This course is intended primarily for students in the MA programme in Religious Studies. Other interested students should gain the lecturer’s permission to follow the course.
This course offers an in-depth analysis of the relationship between piety, gender, and modernity. It consists of two parts.
In the first part, we will read and discuss Saba Mahmood’s Politics of Piety: The Islamic Revival and the Feminist Subject. Through this study of a women’s piety movement in Cairo, we will explore alternative conceptions of piety and modernity, question key assumptions in feminist and liberal thought about freedom and autonomy, and analyze the forms and role of religious arguments and bodily practices in the cultivation of the pious self.
In the second part of the course, we will further explore the relationship between piety, gender, and modernity. Building on Mahmood’s study, each student will discuss an ethnography of his or her own choice related to the theme of piety, gender, and modernity. Examples of ethnographies related to the theme of the course are:
Bonifacio, Glenda Tibe, and Vivienne S. M. Angeles (eds.). Gender, Religion, and Migration: Pathways of Integration. Plymouth: Lexington Books, 2010.
Deeb, Lara. An Enchanted Modern: Gender and Public Piety in Shici Lebanon. Princeton University Press, 2006.
Hirst, Jacqueline Suthren, and Lynn Thomas (eds.). Playing for Real: Hindu Role Models, Religion, and Gender. New Delhi: Oxford University Press, 2004.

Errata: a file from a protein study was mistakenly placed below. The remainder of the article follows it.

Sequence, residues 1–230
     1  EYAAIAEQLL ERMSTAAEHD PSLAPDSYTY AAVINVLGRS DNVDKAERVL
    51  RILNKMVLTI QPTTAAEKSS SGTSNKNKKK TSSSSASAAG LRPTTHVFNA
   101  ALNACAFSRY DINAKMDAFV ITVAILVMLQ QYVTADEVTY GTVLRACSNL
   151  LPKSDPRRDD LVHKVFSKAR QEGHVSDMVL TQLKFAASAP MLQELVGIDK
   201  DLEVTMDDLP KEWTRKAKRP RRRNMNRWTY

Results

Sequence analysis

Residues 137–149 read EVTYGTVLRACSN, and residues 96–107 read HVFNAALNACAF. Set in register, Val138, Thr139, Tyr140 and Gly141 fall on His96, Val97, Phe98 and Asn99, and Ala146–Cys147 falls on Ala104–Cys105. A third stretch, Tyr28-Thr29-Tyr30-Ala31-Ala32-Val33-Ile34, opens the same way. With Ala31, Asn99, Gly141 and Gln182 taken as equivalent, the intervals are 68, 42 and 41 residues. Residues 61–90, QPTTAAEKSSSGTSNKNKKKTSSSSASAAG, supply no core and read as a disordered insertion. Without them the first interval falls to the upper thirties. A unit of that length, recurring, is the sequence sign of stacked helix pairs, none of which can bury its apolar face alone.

Soothill, Jane E. Gender, Social Change and Spiritual Power: Charismatic Christianity in Ghana. Leiden: Brill, 2007.
Stadler, Nurit. Yeshiva Fundamentalism: Piety, Gender, and Resistance in the Ultra-Orthodox World. New York University Press, 2009.
After successfully completing the course, the student is able to:
• convey in his or her own words the content of Mahmood’s study of an Islamic piety movement and to critically discuss this study.
• relate Mahmood’s study to his or her own field of interest and to report about it orally and in writing.
See Time table
Mode of instruction
• Participation in class
A detailed programme of the course announcing the themes of the meetings, reading assignments, and further requirements will be available via Blackboard.
Yes, see Blackboard.
Saba Mahmood. Politics of Piety: The Islamic Revival and the Feminist Subject. Princeton University Press, 2005. ISBN 0-691-08695-8 (paperback).
In addition to the registration in uSis, students are also expected to self-enroll in blackboard.
Exchange and Study Abroad students, please see the Study in Leiden website for information on how to apply.
Each student must have a copy of Mahmood’s study at the beginning of the course. The course is designed for a class of six to twelve students. If fewer than six or more than twelve students register, the course design will be adapted.